Foundation North, one of Australasia’s largest charitable trusts, has turned in an above-benchmark performance over the latest 12-month period after failing to beat the index last year.
The $1.4 billion Foundation North, which invests in a multi-manager portfolio devised by Cambridge Associates, reported a net-of-fees return of 6.7 per cent against 5.3 per cent for the, unspecified, benchmark over the 12 months to March 31.
While the private equity-heavy Foundation North portfolio recorded a higher nominal return last year (7.7 per cent) it fell short of the benchmark 8.3 per cent.
“As a long term investor however, the Foundation also considers long term performance and the five-year performance was 7.8%, favourable to the five-year benchmark of 7.2%,” the annual financial report says.
Over the year, the Cambridge-advised portfolio held asset allocation more or less steady across its four risk profiles: growth, diversification, inflation and deflation.
However, the return mix deviated significantly year-on-year, the Foundation North report shows:
- income (distributions and yields) fell from over $108 million last year to just under $33.9 million for the 2018/19 period;
- net realised gains jumped to $28 million compared to a $17.8 million loss last year;
- net unrealised gains also rose substantially from $6.7 million in 2017/18 to $28 million the following year; and,
- the fund booked forward exchange losses of almost $6.2 million this year against gains of $2 million 12 months before.
The fund invests in about 30, unnamed, managers selected by Cambridge with about a third of total assets allocated to private equity.
According to the Foundation North report, the charitable trust (formerly known as the ASB Community Trust) has committed almost $440 million to private equity managers split among: US – $309 million; Australia – $81 million; Europe – $33 million; and, NZ – $20 million.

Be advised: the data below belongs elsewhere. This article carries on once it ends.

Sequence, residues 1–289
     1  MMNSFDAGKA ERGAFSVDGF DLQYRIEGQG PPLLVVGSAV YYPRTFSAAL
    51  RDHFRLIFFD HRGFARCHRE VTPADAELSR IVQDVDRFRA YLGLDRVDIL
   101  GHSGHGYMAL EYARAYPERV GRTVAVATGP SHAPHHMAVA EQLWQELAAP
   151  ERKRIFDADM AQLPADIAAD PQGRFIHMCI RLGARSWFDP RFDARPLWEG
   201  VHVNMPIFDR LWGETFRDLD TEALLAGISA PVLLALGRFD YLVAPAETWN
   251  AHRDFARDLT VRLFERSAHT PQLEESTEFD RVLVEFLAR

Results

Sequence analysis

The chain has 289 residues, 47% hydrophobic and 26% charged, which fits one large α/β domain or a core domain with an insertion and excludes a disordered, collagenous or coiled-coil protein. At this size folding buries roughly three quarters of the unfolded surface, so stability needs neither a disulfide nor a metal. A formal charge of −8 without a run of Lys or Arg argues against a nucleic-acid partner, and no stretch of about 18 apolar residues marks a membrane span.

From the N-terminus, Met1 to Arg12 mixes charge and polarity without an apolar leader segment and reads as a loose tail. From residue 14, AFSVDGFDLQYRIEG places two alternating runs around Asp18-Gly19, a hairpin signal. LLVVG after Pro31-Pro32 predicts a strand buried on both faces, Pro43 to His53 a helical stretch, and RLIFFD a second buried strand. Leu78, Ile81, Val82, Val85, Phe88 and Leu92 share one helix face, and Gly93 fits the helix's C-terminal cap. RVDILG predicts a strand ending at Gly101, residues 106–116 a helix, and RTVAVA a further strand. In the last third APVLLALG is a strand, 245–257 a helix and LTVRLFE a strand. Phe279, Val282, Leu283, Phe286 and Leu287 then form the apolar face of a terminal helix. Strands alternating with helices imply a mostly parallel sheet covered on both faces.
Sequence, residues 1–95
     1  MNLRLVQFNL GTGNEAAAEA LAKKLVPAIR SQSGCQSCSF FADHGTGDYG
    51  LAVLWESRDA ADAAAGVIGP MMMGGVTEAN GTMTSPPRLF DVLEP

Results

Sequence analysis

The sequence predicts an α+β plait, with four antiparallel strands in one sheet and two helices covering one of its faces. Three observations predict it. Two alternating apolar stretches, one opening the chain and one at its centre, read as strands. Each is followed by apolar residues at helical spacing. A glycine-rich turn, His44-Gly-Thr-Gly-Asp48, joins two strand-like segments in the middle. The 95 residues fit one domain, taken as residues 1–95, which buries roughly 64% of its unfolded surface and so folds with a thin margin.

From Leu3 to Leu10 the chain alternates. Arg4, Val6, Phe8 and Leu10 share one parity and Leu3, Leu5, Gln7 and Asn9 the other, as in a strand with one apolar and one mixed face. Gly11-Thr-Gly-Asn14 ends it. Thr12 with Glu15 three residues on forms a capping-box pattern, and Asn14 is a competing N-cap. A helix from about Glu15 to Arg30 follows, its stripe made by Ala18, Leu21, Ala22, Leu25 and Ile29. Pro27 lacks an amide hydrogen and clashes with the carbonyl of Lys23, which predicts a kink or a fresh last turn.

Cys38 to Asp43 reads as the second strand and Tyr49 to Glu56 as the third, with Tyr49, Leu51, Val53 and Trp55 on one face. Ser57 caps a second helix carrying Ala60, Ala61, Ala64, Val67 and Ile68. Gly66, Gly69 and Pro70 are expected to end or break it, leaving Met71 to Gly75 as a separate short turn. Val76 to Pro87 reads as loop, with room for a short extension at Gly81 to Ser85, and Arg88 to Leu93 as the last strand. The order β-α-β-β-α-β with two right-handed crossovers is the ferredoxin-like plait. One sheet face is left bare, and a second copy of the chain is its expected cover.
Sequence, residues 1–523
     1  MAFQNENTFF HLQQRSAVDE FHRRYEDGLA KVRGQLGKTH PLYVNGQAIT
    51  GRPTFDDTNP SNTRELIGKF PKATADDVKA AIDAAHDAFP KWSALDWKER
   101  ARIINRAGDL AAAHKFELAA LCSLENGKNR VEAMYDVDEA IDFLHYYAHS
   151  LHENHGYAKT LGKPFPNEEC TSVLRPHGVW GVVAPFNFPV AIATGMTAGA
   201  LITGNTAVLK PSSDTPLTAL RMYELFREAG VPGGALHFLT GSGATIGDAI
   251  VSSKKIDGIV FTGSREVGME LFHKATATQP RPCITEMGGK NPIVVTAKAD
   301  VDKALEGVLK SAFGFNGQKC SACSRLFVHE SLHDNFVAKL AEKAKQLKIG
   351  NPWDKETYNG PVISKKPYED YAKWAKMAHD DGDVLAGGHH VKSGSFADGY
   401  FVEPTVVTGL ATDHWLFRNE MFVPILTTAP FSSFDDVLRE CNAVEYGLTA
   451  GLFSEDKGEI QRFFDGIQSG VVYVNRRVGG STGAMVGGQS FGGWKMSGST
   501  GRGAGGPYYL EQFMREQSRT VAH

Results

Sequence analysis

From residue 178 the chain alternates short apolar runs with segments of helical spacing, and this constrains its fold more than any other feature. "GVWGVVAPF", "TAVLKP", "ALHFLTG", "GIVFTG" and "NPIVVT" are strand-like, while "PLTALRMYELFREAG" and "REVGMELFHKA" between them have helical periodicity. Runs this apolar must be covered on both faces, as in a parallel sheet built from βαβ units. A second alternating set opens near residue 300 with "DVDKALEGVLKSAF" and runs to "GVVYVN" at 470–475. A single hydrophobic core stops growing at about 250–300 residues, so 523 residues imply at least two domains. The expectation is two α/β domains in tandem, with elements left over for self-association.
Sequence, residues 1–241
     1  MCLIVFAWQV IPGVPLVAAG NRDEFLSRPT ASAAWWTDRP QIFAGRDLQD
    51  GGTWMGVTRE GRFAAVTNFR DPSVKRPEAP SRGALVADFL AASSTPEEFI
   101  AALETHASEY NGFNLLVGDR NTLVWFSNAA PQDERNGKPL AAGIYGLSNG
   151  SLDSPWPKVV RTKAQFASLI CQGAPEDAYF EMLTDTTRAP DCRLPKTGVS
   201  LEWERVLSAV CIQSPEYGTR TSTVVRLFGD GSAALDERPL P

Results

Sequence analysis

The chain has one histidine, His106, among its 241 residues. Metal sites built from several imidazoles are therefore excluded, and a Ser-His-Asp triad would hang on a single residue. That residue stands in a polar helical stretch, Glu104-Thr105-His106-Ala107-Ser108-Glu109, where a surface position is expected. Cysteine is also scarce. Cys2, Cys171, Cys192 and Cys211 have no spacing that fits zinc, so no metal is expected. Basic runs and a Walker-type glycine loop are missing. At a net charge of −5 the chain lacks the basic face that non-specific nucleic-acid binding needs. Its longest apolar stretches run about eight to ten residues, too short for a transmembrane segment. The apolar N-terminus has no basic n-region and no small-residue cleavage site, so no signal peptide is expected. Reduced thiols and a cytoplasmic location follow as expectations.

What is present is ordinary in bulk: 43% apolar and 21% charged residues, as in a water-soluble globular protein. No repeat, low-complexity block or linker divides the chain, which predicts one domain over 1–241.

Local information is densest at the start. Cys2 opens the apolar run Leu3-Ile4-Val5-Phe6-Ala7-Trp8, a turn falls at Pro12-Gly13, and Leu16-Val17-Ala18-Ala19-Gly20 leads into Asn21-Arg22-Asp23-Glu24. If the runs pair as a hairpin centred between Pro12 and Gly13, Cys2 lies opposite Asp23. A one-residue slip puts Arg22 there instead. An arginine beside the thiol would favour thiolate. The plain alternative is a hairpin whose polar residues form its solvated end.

In spite of the broadly similar dollar returns over the 2018 and 2019 reporting periods – of $99.2 million and $93.5 million, respectively – the Auckland-based charity cut grants by about $11 million year-on-year. Last year Foundation North paid out $48.7 million in grants compared to $37.6 million over the most recent annual period.
Other expenses also jumped from about $9.1 million in the 2018 report to almost $9.9 million the following year, fueled mainly by increases in administration and fund management costs.
Overall employees costs rose to $3.7 million against $2.9 million last year. Post balance date, long-time Foundation North chief, Jennifer Gill, retired with her replacement, Peter Tynan, officially stepping into the job early in August.
Like most of the 12 community trusts, Foundation North has seen significant turnover in trustees over the last year. In the latest batch of trustee transitions, incumbents Lyn Lim (chair), Alastair Bell (deputy chair), Toni Millar and Precious Clark vacated in favour of Naisi Chen, Maxine Shortland, Vanushi Walters and former AIA NZ chief, David Whyte.
BayTrust, another of Cambridge’s community trust clients, also filed its accounts recently, booking a deficit of about $900,000 over the 12 months to March 31 after a “soft revenue performance”.
The Tauranga-headquartered trust reported annual investment returns of $7.6 million on assets of $212 million – less than half the 2018 result of $15.9 million. BayTrust replaced Russell Investments with Cambridge in April 2018, completing the portfolio transition mid 2019.
“This year we have been working with Cambridge Associates to further diversify our investment portfolio to ensure it provides solid and sustainable returns for our communities into the future,” the BayTrust report says.
Under Cambridge advice, BayTrust lifted exposure to growth assets from 53 per cent to almost 60 per cent.
“During the year the Trust also increased its commitment to
BOP [Bay of Plenty] Impact Investments where we were looking to drive measurable social impact alongside a financial return from 3% to 6% (1% currently invested) and we were actively looking at opportunities in this space,” the report says.
Portfolio management and advice fees rose slightly from $340,000 in 2018 to $387,000 a year later while other admin costs dropped from $938,000 to $924,000 over the same period.
BayTrust dipped into its almost $64 million grants reserve fund to cover this year’s deficit to maintain its annual donation target of $7 million.